260250 A, 251 R, 287 R, 295 R, 302 R, 308 R, 309.2, 326.13 'R, 332.2 C, 345.7, 347.3, 517

Referenced by
Citing PatentFiling datePublication dateApplicantTitle
US4345098 *Feb 29, 1980Aug 17, 1982Occidental Research CorporationHydrolysis, oxidation, isomerization
US4375553 *Sep 28, 1981Mar 1, 1983Occidental Research CorporationFree from humec acid salts
US5767311 *Jun 7, 1995Jun 16, 1998Glitsch International, Inc.Method and apparatus for preparing purified terephtalic acid
US5929274 *Jun 16, 1998Jul 27, 1999Hfm International, Inc.Dissolving the crude acid by heating in a solvent, cooling to crystallize and separating; oxidizing the filtered solution, desolventizing by evaporation, cooling to crystalize and circulating the mother liquor
US5961935 *May 7, 1998Oct 5, 1999Hfm International, Inc.Method and apparatus for preparing purified terephthalic acid
US6013835 *Dec 6, 1996Jan 11, 2000Hfm International, Inc.Filtering a liquid dispersion to form a crude terephthalic acid filter cake; dissolving and heating in a selective crystallization solvent; crystallizing by flash evaporating the solvent; separating crystallized purified acid
US6054610 *Jun 16, 1998Apr 25, 2000Hfm International, Inc.Method and apparatus for preparing purified terephthalic acid and isophthalic acid from mixed xylenes
US6153790 *Dec 1, 1998Nov 28, 2000Shell Oil CompanyAcid substituted aromatic, oxidant, catalyst, removal, condensation with acid and water, continuous recovering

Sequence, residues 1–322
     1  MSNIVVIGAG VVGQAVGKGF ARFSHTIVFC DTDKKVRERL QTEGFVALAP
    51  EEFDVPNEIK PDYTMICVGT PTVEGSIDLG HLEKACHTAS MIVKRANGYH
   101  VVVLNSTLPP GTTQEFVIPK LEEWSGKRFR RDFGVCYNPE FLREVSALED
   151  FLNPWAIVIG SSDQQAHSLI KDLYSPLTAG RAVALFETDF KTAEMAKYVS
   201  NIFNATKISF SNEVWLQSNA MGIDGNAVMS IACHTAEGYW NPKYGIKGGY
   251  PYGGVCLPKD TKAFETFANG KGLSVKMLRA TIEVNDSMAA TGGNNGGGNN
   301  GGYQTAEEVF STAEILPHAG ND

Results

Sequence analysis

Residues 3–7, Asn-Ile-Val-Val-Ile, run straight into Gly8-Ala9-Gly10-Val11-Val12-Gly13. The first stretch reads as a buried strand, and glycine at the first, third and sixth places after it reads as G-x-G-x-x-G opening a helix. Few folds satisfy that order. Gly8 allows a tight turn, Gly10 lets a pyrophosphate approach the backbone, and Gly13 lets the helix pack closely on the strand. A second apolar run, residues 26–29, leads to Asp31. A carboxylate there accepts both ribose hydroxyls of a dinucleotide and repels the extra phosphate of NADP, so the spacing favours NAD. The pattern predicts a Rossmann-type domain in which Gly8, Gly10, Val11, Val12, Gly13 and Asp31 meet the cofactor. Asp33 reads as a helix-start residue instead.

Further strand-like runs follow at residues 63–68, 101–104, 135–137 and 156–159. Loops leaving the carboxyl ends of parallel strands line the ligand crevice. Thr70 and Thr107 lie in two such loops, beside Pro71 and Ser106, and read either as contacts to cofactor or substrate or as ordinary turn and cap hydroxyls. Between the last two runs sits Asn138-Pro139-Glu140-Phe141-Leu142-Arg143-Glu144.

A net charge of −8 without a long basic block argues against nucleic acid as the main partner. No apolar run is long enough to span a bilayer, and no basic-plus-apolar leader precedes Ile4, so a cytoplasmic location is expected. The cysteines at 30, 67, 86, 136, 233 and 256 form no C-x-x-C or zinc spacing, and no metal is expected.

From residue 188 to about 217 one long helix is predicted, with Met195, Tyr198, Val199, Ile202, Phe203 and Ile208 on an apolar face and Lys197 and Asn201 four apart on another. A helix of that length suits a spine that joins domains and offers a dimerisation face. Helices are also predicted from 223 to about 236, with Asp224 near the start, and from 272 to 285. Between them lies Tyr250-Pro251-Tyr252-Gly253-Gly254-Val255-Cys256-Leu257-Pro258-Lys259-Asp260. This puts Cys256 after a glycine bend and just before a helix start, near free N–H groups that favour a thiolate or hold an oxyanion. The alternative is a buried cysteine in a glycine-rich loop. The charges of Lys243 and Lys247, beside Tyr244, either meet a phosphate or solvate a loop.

US6320073Aug 22, 2000Nov 20, 2001Shell Oil CompanyProcess for separation of the dipotassium salt of naphthalene dicarboxylic acid using activated carbon beds
US6448436Aug 22, 2000Sep 10, 2002Mossi & Ghisolfi Overseas, S. A.Integrated process for the production of 2, 6-naphthalene dicarboxylic acid
US6448437 *Aug 22, 2000Sep 10, 2002Mossi & Ghisolfi Overseas S.A.Disproportionation catalyst
WO2001016068A2 *Aug 8, 2000Mar 8, 2001Shell Oil CoDisproportionation catalyst
Classifications
U.S. Classification562/481, 546/327, 546/146, 549/425, 546/319, 549/485, 548/201, 562/423, 548/304.4, 549/71, 548/261, 546/321, 546/170
International ClassificationC07D333/38, C07C51/41, C07D213/803, C07D213/79
Cooperative ClassificationC07D213/803, C07D333/38, C07C51/416
European ClassificationC07C51/41D, C07D333/38, C07D213/803